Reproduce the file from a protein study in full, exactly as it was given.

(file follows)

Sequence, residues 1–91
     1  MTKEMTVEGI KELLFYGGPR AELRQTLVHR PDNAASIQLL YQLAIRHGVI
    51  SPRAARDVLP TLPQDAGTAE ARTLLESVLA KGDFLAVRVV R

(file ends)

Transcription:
Sequence, residues 1–91
     1  MTKEMTVEGI KELLFYGGPR AELRQTLVHR PDNAASIQLL YQLAIRHGVI
    51  SPRAARDVLP TLPQDAGTAE ARTLLESVLA KGDFLAVRVV R